Monday, October 5, 2009

their stories.

I am a sucker for other people's stories. 

Reading is a passion of mine; I could get lost in a good book for hours, and, much to my friends' and family's dismay, I have done just that on many occasions. 

The books I find myself drawn to the most, at least in the past few years, are memoirs. The stories and essays others have written about their own lives. True stories that they want passed town, written in print, shared for the ages. Here are a few of my favorites: 

This is the book I'm currently reading-- and loving. Written in true Southern style, White shares his stories from his year spent behind bars at Carville, a federal prison shared with a medical home for the remaining Americans with leprosy. I haven't been able to put it down.

Somebody Told Me, by Rick Bragg
Another Southern favorite, this book may be more of a collection than a memoir. Bragg, a well-respected journalist, has compiled some of his best-known stories in this volume, and I love every one. His feature stories are some of the best I've ever read.

Blue Like Jazz, by Donald Miller
One of my favorite modern theology books, this one had me from the first page: "Sometimes you have to watch somebody love something before you can love it yourself. It is as if they are showing you the way."

Didion's honest memories of the year after her husband's death brought me to tears. At some points, I simply had to put the book down; it was so gut-wrenchingly honest. Didion is a brave writer, and her words are achingly beautiful.

Audition, by Barbara Walters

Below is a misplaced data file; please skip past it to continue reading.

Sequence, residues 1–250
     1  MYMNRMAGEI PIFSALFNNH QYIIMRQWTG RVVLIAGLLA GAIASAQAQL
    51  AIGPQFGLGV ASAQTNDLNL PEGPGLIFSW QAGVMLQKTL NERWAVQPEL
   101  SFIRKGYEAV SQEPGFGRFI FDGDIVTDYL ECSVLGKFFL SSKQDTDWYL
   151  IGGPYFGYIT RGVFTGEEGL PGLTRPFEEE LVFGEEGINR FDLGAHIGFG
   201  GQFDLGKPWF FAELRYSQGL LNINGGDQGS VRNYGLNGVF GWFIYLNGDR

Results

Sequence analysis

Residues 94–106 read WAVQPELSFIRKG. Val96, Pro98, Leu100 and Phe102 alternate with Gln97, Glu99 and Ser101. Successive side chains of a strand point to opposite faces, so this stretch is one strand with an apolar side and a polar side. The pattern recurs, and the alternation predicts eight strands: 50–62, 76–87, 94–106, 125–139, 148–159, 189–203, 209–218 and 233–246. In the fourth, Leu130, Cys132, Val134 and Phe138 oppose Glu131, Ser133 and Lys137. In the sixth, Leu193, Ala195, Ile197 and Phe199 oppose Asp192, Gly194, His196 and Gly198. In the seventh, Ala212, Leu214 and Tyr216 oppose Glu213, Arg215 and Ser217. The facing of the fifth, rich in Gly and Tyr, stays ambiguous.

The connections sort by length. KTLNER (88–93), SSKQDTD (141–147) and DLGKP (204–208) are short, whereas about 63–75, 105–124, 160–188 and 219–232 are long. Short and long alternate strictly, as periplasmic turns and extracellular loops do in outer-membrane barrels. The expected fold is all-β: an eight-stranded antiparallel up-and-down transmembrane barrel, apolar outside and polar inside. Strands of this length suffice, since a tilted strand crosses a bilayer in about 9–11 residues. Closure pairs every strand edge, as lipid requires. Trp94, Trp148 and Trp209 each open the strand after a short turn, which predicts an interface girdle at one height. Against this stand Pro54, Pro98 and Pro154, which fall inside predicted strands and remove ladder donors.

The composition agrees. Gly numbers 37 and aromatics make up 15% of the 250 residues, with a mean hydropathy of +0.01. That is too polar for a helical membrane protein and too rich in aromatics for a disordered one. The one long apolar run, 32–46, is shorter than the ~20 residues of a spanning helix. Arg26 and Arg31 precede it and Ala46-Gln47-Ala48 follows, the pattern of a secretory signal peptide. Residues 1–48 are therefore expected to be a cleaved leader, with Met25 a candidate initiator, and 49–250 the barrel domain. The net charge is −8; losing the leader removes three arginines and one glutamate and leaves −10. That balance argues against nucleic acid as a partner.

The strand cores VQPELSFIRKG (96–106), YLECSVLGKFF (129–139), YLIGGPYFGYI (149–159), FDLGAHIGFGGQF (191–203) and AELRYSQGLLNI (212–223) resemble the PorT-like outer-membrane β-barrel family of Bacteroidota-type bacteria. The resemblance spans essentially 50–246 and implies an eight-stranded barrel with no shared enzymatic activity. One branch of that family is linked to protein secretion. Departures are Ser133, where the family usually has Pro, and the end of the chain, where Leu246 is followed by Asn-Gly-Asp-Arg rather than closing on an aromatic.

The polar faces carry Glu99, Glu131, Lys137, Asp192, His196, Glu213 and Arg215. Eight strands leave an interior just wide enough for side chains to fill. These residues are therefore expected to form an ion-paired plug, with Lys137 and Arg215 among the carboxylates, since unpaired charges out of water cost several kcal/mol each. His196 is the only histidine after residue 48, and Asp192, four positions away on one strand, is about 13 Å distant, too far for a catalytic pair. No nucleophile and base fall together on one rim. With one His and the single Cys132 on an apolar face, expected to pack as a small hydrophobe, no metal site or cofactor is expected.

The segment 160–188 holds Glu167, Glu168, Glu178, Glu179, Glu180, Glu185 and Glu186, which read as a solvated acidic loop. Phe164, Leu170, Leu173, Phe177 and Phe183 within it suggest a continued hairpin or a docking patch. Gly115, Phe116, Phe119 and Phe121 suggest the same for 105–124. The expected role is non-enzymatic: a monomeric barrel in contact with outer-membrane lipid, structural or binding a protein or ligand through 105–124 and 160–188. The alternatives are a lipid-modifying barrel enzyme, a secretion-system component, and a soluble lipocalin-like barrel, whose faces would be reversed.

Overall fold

Walter's autobiography may not be the best memoir I've ever read, but the woman has done some pretty amazing things and interviewed some fascinating people, so her book is definitely worth the read.

A Grief Observed, by C.S. Lewis
Another retrospective on a spouse's death, this time from a person of faith's point of view. Perhaps oddly, Didion and Lewis come to a lot of the same conclusions. I guess death brings us all to our knees. Due to his honesty, this book is one of my favorites of Lewis'.

How Reading Changed My Life, by Anna Quindlen
I couldn't very well leave Quindlen off the list. Since the 12th grade, I've wanted to write like her. I checked my bookcase, and sadly, this particular work isn't on it. I need to fix that ASAP. It's a book for readers everywhere. 

Now, your turn. Any worthwhile memoirs I'm missing?


Jessica said...

I like anything by Anne Lamott. Try Traveling Mercies for a memoir. It's her thoughts on faith. She's snarky. I love it! Also, Bird by Bird is her book on writing.

Betsy said...

A Long Way Gone: Memoirs of a Boy Soldier, by Ishmael Beah.

It's about a young boy from Sierra Leone that was forcibly conscripted into the Rebel army. It's a heartbreaking yet eye-opening story.